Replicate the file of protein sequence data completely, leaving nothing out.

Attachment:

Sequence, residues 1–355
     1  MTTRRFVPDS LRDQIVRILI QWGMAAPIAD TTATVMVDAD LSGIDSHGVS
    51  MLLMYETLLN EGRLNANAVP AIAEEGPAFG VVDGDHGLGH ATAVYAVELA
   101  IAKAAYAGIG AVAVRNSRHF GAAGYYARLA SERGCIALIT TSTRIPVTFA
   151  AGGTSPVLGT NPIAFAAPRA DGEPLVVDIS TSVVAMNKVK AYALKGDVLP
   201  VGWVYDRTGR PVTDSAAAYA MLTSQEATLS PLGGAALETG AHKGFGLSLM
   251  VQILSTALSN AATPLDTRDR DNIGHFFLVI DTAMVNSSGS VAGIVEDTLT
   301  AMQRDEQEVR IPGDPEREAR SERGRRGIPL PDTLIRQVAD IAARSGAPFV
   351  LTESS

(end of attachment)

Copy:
Sequence, residues 1–355
     1  MTTRRFVPDS LRDQIVRILI QWGMAAPIAD TTATVMVDAD LSGIDSHGVS
    51  MLLMYETLLN EGRLNANAVP AIAEEGPAFG VVDGDHGLGH ATAVYAVELA
   101  IAKAAYAGIG AVAVRNSRHF GAAGYYARLA SERGCIALIT TSTRIPVTFA
   151  AGGTSPVLGT NPIAFAAPRA DGEPLVVDIS TSVVAMNKVK AYALKGDVLP
   201  VGWVYDRTGR PVTDSAAAYA MLTSQEATLS PLGGAALETG AHKGFGLSLM
   251  VQILSTALSN AATPLDTRDR DNIGHFFLVI DTAMVNSSGS VAGIVEDTLT
   301  AMQRDEQEVR IPGDPEREAR SERGRRGIPL PDTLIRQVAD IAARSGAPFV
   351  LTESS